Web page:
“I don’t think there’s a lot of difference (in scheme) in the back end, other than whatever kind of coverage we decide is best for us,” Woody said last week.
At least from a personnel standpoint, likely Tech’s biggest question marks on defense are on the defensive line, particularly at nose tackle, and cornerback.
At corner, Ajani Kerr and Lamont Simmons figure to have the inside track on starting jobs. Simmons was the No. 3 corner last year behind Lance Austin and Step Durham. Ajani Kerr was further back in the rotation. They saw the field some, though not a great deal. Austin and Durham combined for 69 tackles and 21 breakups and passes defensed. Simmons and Kerr combined for 19 tackles and 10 breakups and passes defensed.
Further, if Woody continues the pattern he set at Appalachian State to rotate players in and out, he’ll likely be calling on sophomore Jaytlin Askew and redshirt freshman Tre Swilling. Both were highly regarded prospects coming out of high school, but won’t have much experience to rely upon next season.
On the line, end Desmond Branch could be a breakout player, someone who was a little too small for the “3 technique” defensive tackle spot in former defensive coordinator Ted Roof’s 4-3 defense, but whose quickness could be a good match for what Woody wants from his ends.
Woody said that there are ends “that move really good laterally.” The bigger challenge on the line is nose tackle, which lines up directly over the center.
“The nose position is a lot more difficult, and that’s what we’re probably having more trouble with right now,” Woody said.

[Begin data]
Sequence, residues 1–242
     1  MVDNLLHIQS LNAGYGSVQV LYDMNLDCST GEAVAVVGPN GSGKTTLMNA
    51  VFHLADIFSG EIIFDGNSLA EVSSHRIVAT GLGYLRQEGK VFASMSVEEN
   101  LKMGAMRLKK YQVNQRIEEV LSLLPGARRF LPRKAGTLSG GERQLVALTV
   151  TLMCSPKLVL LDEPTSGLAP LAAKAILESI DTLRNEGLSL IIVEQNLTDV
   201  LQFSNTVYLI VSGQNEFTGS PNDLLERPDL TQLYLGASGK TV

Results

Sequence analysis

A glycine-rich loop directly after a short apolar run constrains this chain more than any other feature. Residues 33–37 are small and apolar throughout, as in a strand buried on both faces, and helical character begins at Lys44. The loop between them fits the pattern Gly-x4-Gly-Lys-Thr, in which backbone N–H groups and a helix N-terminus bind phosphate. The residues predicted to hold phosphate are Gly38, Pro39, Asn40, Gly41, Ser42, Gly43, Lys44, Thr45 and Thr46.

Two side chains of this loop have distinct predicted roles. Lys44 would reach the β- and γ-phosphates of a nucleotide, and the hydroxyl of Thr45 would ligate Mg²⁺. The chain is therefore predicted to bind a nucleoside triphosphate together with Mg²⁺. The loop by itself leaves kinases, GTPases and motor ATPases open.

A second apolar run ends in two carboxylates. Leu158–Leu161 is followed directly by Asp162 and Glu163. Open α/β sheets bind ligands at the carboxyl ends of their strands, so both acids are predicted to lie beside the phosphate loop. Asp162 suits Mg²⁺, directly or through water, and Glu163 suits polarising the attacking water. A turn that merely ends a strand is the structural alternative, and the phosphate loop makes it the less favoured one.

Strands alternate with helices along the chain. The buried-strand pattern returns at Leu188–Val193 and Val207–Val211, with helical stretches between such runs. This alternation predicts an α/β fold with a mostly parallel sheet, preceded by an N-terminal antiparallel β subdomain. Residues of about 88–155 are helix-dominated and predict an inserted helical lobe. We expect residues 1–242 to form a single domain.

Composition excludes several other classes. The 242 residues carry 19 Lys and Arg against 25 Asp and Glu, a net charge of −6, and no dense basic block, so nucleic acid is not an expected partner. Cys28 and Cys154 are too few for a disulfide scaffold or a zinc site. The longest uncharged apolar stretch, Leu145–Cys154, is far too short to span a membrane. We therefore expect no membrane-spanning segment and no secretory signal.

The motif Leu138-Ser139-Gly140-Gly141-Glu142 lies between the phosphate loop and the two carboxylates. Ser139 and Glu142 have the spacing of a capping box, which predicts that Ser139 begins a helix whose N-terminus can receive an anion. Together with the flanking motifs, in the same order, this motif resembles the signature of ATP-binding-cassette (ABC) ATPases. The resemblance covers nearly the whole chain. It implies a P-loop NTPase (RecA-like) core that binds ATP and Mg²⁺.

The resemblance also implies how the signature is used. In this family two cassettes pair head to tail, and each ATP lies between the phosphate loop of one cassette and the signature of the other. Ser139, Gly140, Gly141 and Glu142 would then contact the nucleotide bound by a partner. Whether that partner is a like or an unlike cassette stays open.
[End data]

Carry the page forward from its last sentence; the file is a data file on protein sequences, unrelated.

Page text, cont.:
Leading candidates there are Chris Martin, Kyle Cerge-Henderson and Brandon Adams. Brentavious Glanton, who acknowledged that he has had some struggles in adapting to the new scheme, could be in the mix, also, although it’s possible he could play at end.
“I think that Kyle Henderson has had a good spring,” Johnson said. “We’ve got to get more out of Brandon Adams, and Chris Martin’s had a good spring. Those probably would be the three nose tackles going into camp.”
The team should benefit from the increased competition created by the reduction in the number of line positions from four to three. Again, the emphasis is on quickness. It perhaps bears mention that Appalachian State’s starting nose tackle for the past two seasons, Myquon Stout, is listed at 275 pounds and was agile enough to play basketball in high school. The lightest listed weight among Martin, Cerge-Henderson and Adams is Martin at 289.
Having an effective nose tackle will matter to the Jackets. Woody said as much last week.
“That nose position is one that, that’s sort of what you build your defense around,” he said. “If you don’t have a great one – not a good one, a great one – then this is a tough defense to execute. We’ve got some bodies in there that are working hard and have a chance to get there, but, still, we’re in that tough fundamentals phase, still teaching those fundamentals to where those guys can be just at a different level than where they’re at now.”
Challengers will arrive at both the nose tackle and cornerback positions (and others) with the incoming freshman class. Early enrollee T.K. Chimedza, expected to play at both end and tackle, and cornerbacks Jaylon King and Zamari Walton could make bids to play right away.
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